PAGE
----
Wednesday, September 18, 2013

"Hate the sin, love the sinner"

This quote is usually attributed to Mahatma Gandhi.

This is a distant echo of St. Augustine. His Letter 211 (c. 424) contains the phrase Cum dilectione hominum et odio vitiorum, which translates roughly to "With love for mankind and hatred of sins." (from

What would a Buddhist say to this, since Buddhism considers "I" to be an illusion?  In Buddhist teachings, one frequently comes across the phrasing: "There is no actor, only the acts.", or "There is no dancer, only the dance."


I consider both formulations to be misguided.  That is because, in my opinion, the so-called "actor" is nothing but his body, mind, personality, traits, acts, interactions, knowledge, memories, skills, relationships, etc.

Whether we like it or not, these objects and processes are congealed into a single identifiable and persisting body/brain which is usually recognizable and labeled.

When such a body commits a bad act (say a rape, or a theft), we recognize (sensibly) that there must be something in that body/brain which must have led to that act.  Perhaps a wild or untamed instinct, perhaps a strain of immorality, perhaps a defect in conscience or a fault in the upbringing, ...

If the act is worthy of condemnation, then so is the origin of the act.  Both circumstances and one's tendencies should be considered as originating factors in a crime.  If the circumstances are such that a normal person could choose not to commit that crime, then we regard the crime as a matter of choice.  Therefore we target the choice-making mechanism in the criminal body/brain as worthy of condemnation, and therefore of punishment.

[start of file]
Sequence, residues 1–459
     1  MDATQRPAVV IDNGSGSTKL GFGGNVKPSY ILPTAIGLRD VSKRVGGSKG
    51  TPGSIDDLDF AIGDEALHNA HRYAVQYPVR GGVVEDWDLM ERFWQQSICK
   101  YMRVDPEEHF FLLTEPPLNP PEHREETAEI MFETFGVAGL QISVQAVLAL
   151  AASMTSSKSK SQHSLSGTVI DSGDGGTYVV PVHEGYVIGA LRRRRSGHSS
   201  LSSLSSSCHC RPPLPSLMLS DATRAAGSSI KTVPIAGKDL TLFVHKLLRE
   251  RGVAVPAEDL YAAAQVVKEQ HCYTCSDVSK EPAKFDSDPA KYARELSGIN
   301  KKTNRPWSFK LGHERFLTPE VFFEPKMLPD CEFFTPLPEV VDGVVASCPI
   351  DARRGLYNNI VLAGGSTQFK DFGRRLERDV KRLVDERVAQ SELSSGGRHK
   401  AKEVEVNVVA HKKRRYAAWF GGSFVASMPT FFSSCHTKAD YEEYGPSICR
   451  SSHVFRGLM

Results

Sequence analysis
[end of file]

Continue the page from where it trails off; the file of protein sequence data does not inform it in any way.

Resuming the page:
Condemnation as a cognitive response is merely disapproval.  Emotional condemnation is hate.

If condemnation, emotional or cognitive, of an act is justified, then so is condemnation of the origin of that act.  And as long as we are unable to identify and address the precise malfunction in someone's brain which caused him/her to commit the crime, we punish/condemn the whole individual.

Let us consider what would happen if we follow M Gandhi's advice.  The discourse would be as follows:

"He is a fine, sensitive, individual, but sometimes commits murders and rapes."

"He is woefully untrustworthy and has embezzled from hundreds of individuals, but is otherwise an honest man."

"She is a kind and lovable individual, though prone to rather frequent fits of anger and rage."

We may not be our acts (we are other things too), but we sure cannot back away from being responsible for them.

One can still, in some sense, love the sinner (in terms of being compassionate, wish for him/her to be reformed, etc.), but that's about the extent of one's relationship with him.

It is good to wish Angulimala well.  From a distance of course.  Beware of inviting him to your village kindergarten.

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